• They've already announced that the next FH launch will be to LEO, with a compliment of several separate satellites. Just because there's not a lot of LEO payloads large enough doesn't mean they can't put a bunch of separate payloads together onto a single launch.

      • by Kjella ( 173770 )

        You are entirely safe to disbelieve anything Elon says about when something will be done. (...) For all that it's really cool, Falcon 9 Heavy might have been a mistake. (...) It cost them a great deal to get working, and is destined to be supersceded by their next rocket. We might not see that many of them ever fly.

        Well he can fail at one or the other but not both. If the BFR is on schedule too bad for the FH but great for SpaceX. If the BFR ends up way behind schedule then the FH can still launch anything up to and beyond what other current heavy launchers can and make good money in the process, also good for SpaceX. And it's not certain that the BFR would replace all FH launches if they don't have big enough payloads to justify it or they want a launcher with a longer track record, particularly if you give it some c

        • You are certainly right about that.

          What we're really waiting for is routine launches with thousands-of-launches reuse. Like jet aircraft. If we ever get that, all of today's launch vehicles are toast. It doesn't matter that the rocket is too big, you just put together a big enough manifest for one flight.

          Now, Elon thinks BFR might get us there. The jury is still out.

        • My understanding is that the plan is for a BFR launch to be cheaper than an F9 launch in absolute terms - as in launching a tennis ball to LEO will be cheaper in a BFR than an F9, thanks primarily to the fully recoverable second stage. Of course, that's the plan - reality might take a while to catch up.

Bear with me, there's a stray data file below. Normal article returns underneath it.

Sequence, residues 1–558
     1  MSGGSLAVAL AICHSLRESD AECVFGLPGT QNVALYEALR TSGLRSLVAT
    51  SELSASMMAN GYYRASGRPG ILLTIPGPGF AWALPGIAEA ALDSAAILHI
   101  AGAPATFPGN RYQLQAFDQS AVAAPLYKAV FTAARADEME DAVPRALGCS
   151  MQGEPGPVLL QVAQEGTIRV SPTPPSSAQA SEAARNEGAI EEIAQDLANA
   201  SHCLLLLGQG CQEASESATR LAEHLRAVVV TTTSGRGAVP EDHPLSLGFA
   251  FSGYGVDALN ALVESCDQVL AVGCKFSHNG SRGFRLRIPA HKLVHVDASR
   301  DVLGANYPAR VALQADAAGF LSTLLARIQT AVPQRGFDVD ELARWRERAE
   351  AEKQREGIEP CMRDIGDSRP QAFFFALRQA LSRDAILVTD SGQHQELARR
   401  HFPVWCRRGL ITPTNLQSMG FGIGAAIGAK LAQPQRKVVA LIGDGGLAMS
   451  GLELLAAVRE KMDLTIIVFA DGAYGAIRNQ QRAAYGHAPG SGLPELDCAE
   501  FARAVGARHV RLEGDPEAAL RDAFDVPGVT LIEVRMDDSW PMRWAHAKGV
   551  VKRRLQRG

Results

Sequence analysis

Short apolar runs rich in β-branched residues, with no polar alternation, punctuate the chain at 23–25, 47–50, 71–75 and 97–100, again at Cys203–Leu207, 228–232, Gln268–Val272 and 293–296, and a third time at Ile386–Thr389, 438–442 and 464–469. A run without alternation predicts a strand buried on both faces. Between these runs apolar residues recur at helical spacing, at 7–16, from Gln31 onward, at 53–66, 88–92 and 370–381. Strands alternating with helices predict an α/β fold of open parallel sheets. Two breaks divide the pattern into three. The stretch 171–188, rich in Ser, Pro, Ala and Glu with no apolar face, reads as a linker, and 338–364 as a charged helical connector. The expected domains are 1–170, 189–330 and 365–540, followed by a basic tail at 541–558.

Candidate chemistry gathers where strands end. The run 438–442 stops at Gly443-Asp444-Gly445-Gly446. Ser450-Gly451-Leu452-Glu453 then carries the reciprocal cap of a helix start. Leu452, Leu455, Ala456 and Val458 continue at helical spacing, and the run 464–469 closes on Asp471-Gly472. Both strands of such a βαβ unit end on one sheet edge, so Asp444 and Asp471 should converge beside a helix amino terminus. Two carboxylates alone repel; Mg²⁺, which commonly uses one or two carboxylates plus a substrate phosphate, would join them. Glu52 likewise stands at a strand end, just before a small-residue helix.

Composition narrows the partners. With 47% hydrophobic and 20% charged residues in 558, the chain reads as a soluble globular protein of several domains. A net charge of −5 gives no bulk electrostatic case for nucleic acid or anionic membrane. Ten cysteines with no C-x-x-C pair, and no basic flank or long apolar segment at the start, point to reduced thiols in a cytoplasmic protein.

• For all that it's really cool, Falcon 9 Heavy might have been a mistake. And this is from someone who went to the launch and paid $200 for the good tickets. It cost them a great deal to get working, and is destined to be supersceded by their next rocket. We might not see that many of them ever fly.

        The thing is, I'm not sure you can build the BFR without building the Falcon Heavy. It tests a lot of things about combining more engines together, which Musk noted was a lot harder than anticipated just making t

        • Consider that there was exactly one test burn of F9H, on Pad 39a. They never built a test stand large enough at Macgregor. Then it launched. And certainly they have flight data. So I would call this something that gives them confidence in banking 27 engines, which hasn't been tried since N1. But maybe not something that they had to do before they built BFR.
        • So I don't really see how you can ever call the FH a mistake, even if it is replaced eventually.